12127 W. Farmington Rd. Hanna City, IL 61536 309-884-5033

We Cover The News of West-Central Illinois With A Passion

OPEN SUNDAY, May 20th – 2-4 pm 9814 N. Fox Creek, Brimfield - $245,000 LISTINGS 6308 N. Imperial, Peoria - $157,000 119 El Clinton, Brimfield - $89,900 342 E. Prairie, Farmington - $74,900 14636 N. Gardenland, Chillicothe - $68,400 BUILDING SITES 306 W. Illinois, Brimfield, .557 Acres - $34,900 Lot 1 and Lot 2, Brimfield, Each 167x135 - $34,900 each PENDING 212 N. Ostrom, Princeville - $219,900 206 E. Evergreen, Elmwood - $124,900 or (309) 678-9010

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THE WEEKLY POST • Thursday, May 17, 2018

PUBLIC RECORD NOTE: Charges are merely an accusation. All suspects are presumed innocent until proven guilty in a court of law.

Call about ‘suspicious’ vehicle ends in arrests

HANNA CITY – A sheriff deputy dispatched to investigate a “suspicious” white truck with an orange tarp in the bed pulling into driveways on May 11 wound up making two arrests. Upon finding the white truck parked in a driveway in the 1230 block of Smithville Road, the deputy discovered Zakkary M. Scherer, 26, of Hanna City asleep at the wheel, according to police reports. After waking and questioning Scherer, the deputy gained permission to enter the residence, where he found Cody J. Harper, 26, of Farmington. Harper was arrested on outstanding warrants from Peoria and Fulton counties and, subsequently, was charged with unlawful possession of a controlled substance. Scherer was arrested for unlawful possession of a controlled substance, unlawful possession of drug paraphernalia and possession of stolen property under $500. On May 9, a deputy had also been dispatched to investigate Harper allegedly attempting to pay for items with a check from a closed account, according to police reports.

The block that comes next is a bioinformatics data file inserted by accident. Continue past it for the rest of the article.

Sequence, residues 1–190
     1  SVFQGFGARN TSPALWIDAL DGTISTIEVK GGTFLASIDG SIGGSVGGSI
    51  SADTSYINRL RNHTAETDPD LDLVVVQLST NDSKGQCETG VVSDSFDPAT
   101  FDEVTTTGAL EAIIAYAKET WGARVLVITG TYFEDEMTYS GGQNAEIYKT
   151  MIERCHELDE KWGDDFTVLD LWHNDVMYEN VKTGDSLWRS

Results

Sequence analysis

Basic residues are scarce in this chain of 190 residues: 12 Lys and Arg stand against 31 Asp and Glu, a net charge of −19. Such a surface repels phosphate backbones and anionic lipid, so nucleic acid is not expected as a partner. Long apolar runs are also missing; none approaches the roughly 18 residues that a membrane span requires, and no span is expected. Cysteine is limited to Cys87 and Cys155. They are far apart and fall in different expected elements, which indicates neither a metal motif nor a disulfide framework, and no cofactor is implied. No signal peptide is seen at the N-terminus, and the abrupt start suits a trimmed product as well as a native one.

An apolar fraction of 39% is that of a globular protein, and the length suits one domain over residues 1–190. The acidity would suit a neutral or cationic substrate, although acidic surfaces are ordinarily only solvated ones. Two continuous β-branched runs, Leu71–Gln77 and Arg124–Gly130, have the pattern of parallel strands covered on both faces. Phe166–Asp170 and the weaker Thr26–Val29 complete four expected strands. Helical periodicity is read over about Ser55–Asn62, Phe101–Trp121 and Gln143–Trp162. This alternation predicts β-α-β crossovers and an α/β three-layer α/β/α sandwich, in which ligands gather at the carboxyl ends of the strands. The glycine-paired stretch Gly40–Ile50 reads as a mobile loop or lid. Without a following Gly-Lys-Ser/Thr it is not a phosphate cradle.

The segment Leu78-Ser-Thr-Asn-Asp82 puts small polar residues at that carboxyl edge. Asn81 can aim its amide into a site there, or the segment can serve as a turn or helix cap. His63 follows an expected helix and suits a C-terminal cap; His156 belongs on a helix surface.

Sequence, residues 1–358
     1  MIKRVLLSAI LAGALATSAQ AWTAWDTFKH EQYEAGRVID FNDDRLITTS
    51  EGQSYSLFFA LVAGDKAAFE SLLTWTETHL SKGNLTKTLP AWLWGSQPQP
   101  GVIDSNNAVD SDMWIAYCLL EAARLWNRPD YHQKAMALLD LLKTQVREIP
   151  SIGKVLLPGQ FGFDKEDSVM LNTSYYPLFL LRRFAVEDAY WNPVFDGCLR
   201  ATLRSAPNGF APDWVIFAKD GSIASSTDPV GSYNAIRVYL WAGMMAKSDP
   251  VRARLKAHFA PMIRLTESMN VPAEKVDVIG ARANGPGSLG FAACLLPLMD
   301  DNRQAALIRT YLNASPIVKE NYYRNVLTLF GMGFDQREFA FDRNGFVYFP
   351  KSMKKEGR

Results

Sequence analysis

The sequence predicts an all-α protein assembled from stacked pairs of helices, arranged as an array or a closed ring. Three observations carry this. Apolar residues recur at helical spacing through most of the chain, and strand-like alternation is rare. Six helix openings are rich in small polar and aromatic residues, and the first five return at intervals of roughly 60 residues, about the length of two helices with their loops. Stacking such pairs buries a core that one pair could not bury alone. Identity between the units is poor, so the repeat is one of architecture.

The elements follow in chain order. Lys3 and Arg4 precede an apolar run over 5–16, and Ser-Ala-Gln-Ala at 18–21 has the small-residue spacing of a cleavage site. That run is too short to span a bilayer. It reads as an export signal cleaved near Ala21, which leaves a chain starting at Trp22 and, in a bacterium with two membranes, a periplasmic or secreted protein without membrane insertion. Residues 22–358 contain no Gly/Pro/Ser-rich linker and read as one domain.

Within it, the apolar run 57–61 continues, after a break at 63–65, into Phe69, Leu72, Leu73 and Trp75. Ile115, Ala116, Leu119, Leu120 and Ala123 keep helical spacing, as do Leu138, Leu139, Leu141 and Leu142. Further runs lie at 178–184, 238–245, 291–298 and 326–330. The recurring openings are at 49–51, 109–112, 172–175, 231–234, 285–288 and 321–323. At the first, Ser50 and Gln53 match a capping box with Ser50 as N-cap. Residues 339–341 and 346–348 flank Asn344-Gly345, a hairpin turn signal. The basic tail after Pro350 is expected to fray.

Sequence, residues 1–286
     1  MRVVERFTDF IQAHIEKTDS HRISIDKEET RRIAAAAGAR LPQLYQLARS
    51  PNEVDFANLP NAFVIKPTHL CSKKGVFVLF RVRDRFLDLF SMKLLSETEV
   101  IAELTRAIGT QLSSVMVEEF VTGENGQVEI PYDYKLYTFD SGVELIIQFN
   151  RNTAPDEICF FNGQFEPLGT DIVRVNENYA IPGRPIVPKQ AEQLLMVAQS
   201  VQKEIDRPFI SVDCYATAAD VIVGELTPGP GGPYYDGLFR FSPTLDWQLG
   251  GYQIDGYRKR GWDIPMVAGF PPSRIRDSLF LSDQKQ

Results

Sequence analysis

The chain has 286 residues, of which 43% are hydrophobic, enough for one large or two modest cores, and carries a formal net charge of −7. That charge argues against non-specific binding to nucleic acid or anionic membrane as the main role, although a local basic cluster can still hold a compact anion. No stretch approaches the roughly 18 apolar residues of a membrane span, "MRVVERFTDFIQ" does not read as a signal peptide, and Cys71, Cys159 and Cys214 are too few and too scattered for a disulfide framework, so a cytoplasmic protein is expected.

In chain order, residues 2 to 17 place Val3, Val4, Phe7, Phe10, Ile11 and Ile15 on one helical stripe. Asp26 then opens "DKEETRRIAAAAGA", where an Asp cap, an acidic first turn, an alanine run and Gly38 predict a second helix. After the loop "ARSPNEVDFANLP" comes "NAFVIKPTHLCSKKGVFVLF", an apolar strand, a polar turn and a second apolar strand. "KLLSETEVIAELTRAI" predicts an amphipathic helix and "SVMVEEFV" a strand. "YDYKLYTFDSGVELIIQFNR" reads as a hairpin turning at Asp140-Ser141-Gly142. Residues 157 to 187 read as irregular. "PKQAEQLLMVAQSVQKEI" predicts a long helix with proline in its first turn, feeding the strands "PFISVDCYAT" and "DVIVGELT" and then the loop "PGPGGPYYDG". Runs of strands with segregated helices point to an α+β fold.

Wiring problem in fan fills house with smoke

PRINCEVILLE – A fan in a spare bedroom filled a home in the 700 block of East Woertz Road with smoke on May 4, according to a Peoria County Sheriff’s report. The frame of the fan melted, as did wires running the fan, according to the report. Princeville and Dunlap fire departments responded to the call and helped to ventilate the house.


YATES CITY – A report in the May 10 Public Record said John A. Long was transported to jail following a family squabble. That is incorrect. Justin A. Dart was transported to jail following the May 1 incident. The newspaper erred.